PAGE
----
Yes, Disney is an expensive vacation. However, I am more convinced than ever that it is totally worth it.
First, there was the entire "Here's the money back for the night you couldn't get here due to someone else's screw up. No problem - don't forget to call travel insurance and get the $50 change fee and all your incidentals back!"
Then there was "Oh, you have no idea where your luggage is and haven't seen it in two days? Give us 3-4 hours. We'll find it." And they did.
Then there was the wonderful greeting when we got to the airport, on the Disney Magical Express Bus (I told the Boy that we were finally at Disney as soon as we got on the bus, I wasn't wrong) and at the resort.
After we got off the bus, we then had our "lengthy" check in. We were greeted at the bus by a lovely gentleman who walked us in, stood in line with us at registration, walked us up to a front desk clerk, gave them our name and welcomed us before going off to welcome another bus. Oh - and another man who dropped leis on our head (yep, we are at the Polynesian) except the Boy who ducked but got his lei anyway.
That "lengthy" registration took about 15 minutes and included a dinner reservation at our hotel, something I hadn't been able to accomplish using the Disney Dining System up until then, and a description of our trip to Hell (also known as the Clarion in Detroit which is without air conditioning on a 90 degree day) and back to get to our vacation.
Finally, by 12:30 we were in our room, albeit without the luggage they were searching for, and on our way to find lunch at The Magic Kingdom.
Someone smiled, because the Monorail was there when we got there so the trip took exactly 4 minutes. Lunch was shared with a lovely woman and her granddaughter who also just graduated from preschool at the very crowded Ballpark quick serve on Main Street where we got a table which we were glad to share - the Boy and his new friend had a grand time eating and playing together. Then we were off for our only ride of the day, a trip around the park to figure out what we want to do tomorrow and Wednesday and then back for swimming (they found our luggage!) before dinner at California Grill where as soon as I mentioned my allergy to peppers (which normally I can manage on my plate but after all the stress I wasn't willing to try - it's a slow allergy which means migraines and tummy issues, not a fast allergy meaning hospitalization and epi-pens) they whisked my plate away and brought me a new one without question then added the allergy to my profile without my requesting.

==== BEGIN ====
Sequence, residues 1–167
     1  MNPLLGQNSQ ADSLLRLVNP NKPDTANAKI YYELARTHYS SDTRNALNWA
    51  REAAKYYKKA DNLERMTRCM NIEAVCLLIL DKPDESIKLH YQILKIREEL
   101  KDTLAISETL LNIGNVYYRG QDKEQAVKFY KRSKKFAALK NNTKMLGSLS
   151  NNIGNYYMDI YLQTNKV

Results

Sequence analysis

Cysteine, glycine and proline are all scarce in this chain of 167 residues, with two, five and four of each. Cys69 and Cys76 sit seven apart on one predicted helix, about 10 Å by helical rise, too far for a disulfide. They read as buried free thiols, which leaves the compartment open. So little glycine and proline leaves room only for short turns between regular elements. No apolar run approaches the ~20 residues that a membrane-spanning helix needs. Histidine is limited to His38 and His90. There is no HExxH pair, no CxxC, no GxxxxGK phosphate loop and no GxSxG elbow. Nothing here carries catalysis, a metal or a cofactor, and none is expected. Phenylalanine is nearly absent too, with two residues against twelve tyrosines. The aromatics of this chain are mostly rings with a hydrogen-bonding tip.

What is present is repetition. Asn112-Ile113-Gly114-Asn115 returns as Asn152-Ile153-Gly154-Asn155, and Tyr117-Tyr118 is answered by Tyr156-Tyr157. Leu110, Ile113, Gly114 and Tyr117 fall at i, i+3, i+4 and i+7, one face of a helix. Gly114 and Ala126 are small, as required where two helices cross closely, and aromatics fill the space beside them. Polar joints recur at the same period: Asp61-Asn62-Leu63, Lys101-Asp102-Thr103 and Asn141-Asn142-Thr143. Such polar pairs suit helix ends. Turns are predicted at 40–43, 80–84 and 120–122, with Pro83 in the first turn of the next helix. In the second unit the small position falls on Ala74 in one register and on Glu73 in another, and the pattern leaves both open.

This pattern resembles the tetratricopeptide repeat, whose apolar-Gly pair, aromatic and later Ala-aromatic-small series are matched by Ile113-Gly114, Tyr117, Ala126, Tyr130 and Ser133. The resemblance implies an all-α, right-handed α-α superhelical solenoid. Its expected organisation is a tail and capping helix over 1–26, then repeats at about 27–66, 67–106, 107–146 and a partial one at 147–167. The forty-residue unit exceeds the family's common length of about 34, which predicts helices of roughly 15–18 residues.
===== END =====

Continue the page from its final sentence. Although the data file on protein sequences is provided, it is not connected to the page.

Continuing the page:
To me that is above and beyond customer service. Half of that and I would have been happy. No, really, I would have been. I know I have been told I am hard to please, but I think the reason is that I have worked for the Mouse and Bugs Bunny (Warner Bros for the uninitiated) and I know how it should be done. It is so frustrating today to run up against an issue, ask for a solution and be told to stuff it by the customer service representatives of the company (Delta, Verizon, Comcast to name a few) I am calling.
If I have a contract with you that states you will provide me with a certain level of service - you know, where I have given you money and you have promised to provide either communication services or transportation on a safe vehicle - then I also expect you to provide it on time, within the budget we agreed upon and without snark. When I call you to say that isn't happening and I get a computer that won't let me get to a human or a human who starts the conversation with "No need to be rude!" before hanging up on me when all I was doing was describing the situation then that isn't what I've paid for. It is, in fact, a breach of contract in a tremendous way.
In 2004 I came to Disney with the US Postal Service. Before anyone jumps up and down and says "No wonder they are going out of business!" understand that trip was specifically for the Supplies Portfolio of the Supply Chain Management organization to learn Best Practices from Disney and within one year we netted a tremendous amount of savings using some of those Best Practices. Trust me, the money we paid was remade in spades. But I digress. What you need to know is that even though I had worked for the Mouse, specifically Disney Studios in Burbank back in the 1990s, customer service at Walt Disney World Resorts is it's own special brand of magic. We learned how they anticipate a customer's needs by doing something almost no one does today - they actively listen and then they act in a way to help bring a smile to the customer's face. They are empowered to do almost anything to do it, but usually all they need to do is something thoughtful.
So when we got back to our room from dinner at the California Grill to find that the Mouse had snuck in and left us something special I knew exactly why. The concierge team at the Polynesian listened to our story and immediately called the florist (they have an awesome one here) and delivered a boatload of chocolate, pretzels, gummies, jellybeans, and shortbread all wrapped up with a plush Micky my son is currently sleeping with. (I can't have Micky, it seems. I can only have Minnie. Good on ya, Kid.)
I knew why, I knew how - but that didn't stop it from being Magic.
Thank You, Mickey!!!